August 3, 2022
The year was 1984, and 17-year-old A.S. Dileep Kumar was hunched over a newly-released Yamaha CX5M synthesizer, one of the first synthesizing computers to hit the Indian market. In 30 years, Kumar would become Allah Rakha Rahman, one of the top-selling musicians of all time, winning six National Film Awards, two Academy Awards, and two Grammys, earning the moniker “the Mozart of Madras.” But first, the budding musician needed to learn how to painstakingly punch each note, octave, and piece of data into his new device. “I was too curious and I said, ‘let’s buy it and see what happens,’” said Rahman. “For each note, there’d be like eight commands to type.”
The CX5M might not be the most advanced synthesizer out there, but the world of music owes a lot to the humble machine that solidified Rahman’s signature style. While predecessors like M.S. Viswanathan and Ilaiyaraaja adapted tunes from traditional Carnatic or Western classical music, Rahman drew heavily from several genres, including Qawwali and Hindustani music, and incorporated synthesizers and electric arrangements. These choices were pivotal in establishing him as the soundtrack of a generation. Within the next decade, Rahman would go from devising catchy jingles for products like Titan watches to breaking into the film industry with 1992’s Roja.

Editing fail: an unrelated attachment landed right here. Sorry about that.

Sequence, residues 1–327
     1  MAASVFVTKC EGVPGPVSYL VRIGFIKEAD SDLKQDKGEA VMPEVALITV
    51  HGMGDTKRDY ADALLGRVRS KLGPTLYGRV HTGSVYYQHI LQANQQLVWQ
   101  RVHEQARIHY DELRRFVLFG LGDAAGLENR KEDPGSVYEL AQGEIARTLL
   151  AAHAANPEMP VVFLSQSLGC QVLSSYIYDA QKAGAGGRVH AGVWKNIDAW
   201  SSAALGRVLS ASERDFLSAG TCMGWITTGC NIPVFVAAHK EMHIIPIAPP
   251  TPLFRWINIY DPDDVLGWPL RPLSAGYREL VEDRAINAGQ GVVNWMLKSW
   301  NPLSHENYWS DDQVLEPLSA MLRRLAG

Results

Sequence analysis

Rahman is currently on his “All Access” tour. As he plays hits like “Chaiyya Chaiyya” and “Urvashi Urvashi,” audiences across North America dance and sing along to his memorable tracks. For someone who constantly takes musical risks, the artist has had unprecedented success. But for Rahman, these technical instruments are just tools. The essence of his music, he stresses, is humanity and spirituality.